'Application of CAD, rapid prototyping and reverse engineering in handicrafts sector - A success story'


Handicraft products constitute a significant part of the informal sector** of the Indian economy. Product innovation and improvements in design technologies is necessary for keeping this sector economically sustainable. Moradabad, a place in Northern India about 200 miles north east of New Delhi, is famous for its brassware products. This paper discusses the new and improved product design methodology to apply for these products. It is true that rapid prototyping and tooling technologies complement successfully the computer aided design technique but it is necessary to refine these technologies for successful product development especially in the case of freeform objects for which no readymade mathematical definitions are available. The components like decorative pieces, wall-hanging, Flower Vase contain free form, complex shapes and they generally have a lot of freedom to modify according to user requirement. The prototypes of these components are conventionally manufactured by hand carving, clay modeling etc. Now, using rapid prototyping and tooling as well as reverse engineering, these prototypes can be made in a far more effective manner. This paper discusses and presents an application of CAD, Rapid Prototyping and Reverse Engineering for brassware products. Product innovation and improvements in design technologies is necessary for keeping this sector economically sustainable.

Index Terms- Brassware, CAD, Handicrafts, Prototype, Rapid Prototyping, Reverse Engineering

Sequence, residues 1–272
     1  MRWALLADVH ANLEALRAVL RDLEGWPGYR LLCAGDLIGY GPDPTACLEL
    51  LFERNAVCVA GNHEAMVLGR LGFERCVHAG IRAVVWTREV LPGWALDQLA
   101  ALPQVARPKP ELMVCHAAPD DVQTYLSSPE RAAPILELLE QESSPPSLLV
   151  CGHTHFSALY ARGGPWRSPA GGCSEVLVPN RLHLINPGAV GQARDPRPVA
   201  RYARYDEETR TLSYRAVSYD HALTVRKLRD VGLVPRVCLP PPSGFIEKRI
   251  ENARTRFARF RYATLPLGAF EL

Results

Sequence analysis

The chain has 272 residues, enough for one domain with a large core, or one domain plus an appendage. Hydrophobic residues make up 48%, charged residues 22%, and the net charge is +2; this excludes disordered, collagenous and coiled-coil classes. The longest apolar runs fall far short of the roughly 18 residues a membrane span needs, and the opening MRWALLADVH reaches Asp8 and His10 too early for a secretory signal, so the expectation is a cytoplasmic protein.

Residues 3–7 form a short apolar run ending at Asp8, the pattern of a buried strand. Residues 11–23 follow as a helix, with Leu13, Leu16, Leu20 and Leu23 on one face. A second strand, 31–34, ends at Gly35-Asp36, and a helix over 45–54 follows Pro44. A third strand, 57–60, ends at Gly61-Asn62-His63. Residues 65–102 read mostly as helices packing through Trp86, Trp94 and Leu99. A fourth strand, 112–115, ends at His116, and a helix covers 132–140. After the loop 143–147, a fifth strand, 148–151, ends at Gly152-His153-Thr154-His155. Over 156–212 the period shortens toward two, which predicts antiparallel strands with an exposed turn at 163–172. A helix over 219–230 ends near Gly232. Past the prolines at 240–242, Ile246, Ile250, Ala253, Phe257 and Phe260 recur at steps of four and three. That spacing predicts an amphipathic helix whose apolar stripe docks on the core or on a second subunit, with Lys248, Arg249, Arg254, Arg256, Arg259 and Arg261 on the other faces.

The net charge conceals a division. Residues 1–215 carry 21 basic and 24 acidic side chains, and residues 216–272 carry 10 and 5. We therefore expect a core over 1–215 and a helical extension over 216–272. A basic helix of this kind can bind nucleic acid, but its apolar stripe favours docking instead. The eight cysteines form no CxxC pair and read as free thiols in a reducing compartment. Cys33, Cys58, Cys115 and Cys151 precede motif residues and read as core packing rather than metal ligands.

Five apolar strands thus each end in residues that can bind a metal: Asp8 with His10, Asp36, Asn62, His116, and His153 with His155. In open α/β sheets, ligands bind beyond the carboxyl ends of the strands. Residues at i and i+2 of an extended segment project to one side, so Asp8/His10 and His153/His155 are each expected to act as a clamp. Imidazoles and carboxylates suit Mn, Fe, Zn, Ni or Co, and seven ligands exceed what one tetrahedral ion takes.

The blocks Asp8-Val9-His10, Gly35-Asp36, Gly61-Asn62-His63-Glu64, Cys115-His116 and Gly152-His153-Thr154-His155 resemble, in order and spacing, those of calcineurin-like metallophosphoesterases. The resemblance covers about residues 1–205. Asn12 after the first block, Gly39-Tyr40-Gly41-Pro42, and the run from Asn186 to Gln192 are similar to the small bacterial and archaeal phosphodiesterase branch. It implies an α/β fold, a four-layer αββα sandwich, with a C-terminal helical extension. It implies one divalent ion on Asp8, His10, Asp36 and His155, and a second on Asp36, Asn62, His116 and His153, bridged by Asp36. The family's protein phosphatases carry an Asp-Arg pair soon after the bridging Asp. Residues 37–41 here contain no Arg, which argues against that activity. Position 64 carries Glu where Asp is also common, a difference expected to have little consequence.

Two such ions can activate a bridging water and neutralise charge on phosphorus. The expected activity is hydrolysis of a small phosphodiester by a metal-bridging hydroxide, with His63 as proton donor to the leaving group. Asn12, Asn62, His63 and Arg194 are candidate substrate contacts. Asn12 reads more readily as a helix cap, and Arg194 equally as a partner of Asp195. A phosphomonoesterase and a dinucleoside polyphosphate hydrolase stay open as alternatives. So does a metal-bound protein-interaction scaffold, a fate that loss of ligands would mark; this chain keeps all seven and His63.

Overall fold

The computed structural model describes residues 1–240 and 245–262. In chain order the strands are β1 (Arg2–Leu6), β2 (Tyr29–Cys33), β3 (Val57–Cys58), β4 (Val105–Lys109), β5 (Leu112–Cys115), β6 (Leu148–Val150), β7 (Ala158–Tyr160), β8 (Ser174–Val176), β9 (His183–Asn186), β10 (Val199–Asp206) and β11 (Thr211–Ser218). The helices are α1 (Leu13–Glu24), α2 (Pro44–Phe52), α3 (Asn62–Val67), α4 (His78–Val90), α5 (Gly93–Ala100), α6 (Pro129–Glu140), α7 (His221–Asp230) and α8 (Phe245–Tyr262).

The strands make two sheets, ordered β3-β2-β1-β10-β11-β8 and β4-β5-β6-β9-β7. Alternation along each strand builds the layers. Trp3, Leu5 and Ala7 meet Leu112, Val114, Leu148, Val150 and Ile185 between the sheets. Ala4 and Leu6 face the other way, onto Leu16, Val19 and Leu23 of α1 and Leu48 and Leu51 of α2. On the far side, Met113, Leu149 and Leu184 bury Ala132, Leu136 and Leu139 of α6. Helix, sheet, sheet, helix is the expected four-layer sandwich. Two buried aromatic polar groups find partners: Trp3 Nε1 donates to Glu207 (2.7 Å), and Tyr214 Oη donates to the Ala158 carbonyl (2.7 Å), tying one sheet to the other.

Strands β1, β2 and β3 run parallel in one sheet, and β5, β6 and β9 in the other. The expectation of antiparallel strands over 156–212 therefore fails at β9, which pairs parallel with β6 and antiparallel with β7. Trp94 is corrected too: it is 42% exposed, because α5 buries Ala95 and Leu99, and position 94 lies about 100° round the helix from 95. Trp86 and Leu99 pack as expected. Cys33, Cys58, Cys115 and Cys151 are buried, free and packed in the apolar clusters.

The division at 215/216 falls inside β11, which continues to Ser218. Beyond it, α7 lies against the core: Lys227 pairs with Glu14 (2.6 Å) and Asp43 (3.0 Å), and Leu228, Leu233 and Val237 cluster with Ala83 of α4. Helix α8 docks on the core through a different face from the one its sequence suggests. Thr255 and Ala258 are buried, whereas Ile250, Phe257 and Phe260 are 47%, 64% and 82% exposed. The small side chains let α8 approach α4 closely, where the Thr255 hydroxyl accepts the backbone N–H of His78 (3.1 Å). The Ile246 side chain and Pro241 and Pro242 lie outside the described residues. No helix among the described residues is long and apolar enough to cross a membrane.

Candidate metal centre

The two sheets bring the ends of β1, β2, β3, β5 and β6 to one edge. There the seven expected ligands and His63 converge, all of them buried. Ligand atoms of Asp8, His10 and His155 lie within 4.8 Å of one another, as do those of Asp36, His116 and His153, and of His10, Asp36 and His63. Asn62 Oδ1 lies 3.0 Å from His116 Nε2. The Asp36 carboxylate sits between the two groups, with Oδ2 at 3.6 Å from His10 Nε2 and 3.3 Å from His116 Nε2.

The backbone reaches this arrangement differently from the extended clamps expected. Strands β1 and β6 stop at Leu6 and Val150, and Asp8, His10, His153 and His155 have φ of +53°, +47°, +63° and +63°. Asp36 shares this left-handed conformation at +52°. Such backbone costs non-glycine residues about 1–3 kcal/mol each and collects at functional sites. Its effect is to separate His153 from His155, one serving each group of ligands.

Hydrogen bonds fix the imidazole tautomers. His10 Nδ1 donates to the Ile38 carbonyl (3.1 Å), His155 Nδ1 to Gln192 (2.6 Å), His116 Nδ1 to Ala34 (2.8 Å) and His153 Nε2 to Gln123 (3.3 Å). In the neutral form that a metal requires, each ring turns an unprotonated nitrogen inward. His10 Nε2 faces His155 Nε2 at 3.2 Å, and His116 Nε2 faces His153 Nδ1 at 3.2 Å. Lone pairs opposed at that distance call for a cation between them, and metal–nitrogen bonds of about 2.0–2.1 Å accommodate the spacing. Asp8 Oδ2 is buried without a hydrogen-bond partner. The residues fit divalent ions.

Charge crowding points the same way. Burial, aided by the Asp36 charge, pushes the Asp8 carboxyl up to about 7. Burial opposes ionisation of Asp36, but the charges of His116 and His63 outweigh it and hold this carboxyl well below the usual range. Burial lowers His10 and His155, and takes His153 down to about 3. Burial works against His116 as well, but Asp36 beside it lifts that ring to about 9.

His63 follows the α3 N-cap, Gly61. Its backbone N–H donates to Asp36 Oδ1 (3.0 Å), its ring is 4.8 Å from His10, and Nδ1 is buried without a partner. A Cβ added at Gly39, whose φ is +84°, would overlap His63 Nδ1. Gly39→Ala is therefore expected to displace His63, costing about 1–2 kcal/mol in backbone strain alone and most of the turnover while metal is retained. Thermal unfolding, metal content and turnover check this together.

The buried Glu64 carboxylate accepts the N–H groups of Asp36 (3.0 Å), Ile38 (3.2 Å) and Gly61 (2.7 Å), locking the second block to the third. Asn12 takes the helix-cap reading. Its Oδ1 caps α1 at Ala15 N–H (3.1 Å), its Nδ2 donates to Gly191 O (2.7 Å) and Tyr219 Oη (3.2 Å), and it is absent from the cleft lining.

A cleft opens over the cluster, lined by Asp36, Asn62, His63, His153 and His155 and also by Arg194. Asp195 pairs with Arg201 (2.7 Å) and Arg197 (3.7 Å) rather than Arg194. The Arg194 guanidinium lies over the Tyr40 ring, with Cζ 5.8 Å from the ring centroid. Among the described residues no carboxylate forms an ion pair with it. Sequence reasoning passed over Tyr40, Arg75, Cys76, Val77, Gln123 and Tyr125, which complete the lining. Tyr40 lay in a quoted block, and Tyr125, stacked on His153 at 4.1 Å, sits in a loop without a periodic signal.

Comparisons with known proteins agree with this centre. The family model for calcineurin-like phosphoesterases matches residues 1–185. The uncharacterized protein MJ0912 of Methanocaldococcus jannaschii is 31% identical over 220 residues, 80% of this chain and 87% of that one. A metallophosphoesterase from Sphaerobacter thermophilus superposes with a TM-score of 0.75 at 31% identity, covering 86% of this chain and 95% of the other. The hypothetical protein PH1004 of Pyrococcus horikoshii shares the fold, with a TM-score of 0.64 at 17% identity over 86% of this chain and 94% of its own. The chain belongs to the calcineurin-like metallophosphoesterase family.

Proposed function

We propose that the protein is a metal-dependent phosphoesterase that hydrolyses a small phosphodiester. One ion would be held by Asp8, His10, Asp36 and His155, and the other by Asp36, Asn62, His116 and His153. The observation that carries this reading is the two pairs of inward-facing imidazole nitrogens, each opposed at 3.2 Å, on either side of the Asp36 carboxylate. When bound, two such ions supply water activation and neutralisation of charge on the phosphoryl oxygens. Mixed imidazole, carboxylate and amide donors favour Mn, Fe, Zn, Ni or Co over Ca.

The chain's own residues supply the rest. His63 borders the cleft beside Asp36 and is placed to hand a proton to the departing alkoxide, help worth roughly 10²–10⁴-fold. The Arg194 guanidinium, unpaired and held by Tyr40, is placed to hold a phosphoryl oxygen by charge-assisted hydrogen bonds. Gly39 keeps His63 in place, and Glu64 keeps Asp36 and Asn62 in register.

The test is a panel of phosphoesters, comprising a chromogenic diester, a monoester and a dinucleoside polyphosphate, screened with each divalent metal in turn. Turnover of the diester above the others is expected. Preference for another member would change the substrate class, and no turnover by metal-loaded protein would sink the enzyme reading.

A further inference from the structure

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About the Authors:

Sudhanshu Trivedi is a PhD Scholar, UP Tech. Univ, India.

Amod Tiwari is a PhD Scholar, IIT, Kanpur, India.

Dr. Aurobinda Chatterjee is a Sr. Research Engineer, IIT, Kanpur.

Dr. Vinay Pathak is an Asstt. Prof. HBTI, Kanpur, India.

Prof. Sanjay G. Dhande is a Professor (ME & CSE), IIT, Kanpur.

Prof.Durg S. Chauhan is a Vice-Chancellor, UP Tech Univ., Lucknow, India.


** Since the release of the report of a comprehensive the term informal sector has gained acceptance in international official documents. Initially the informal sector was considered to be mainly composed of the urban working poor migrated from rural areas in search of work. Later it was recognised as an important employment-generating sector and an important source of production and income (Hussmanns and Mehran 1989). The Fifteenth International Conference of Labour Statisticians (15th ICLS), held in January 1993, eventually adopted a resolution on concerning statistics of employment in the informal sector that provides an international statistical standard definition of informal sector.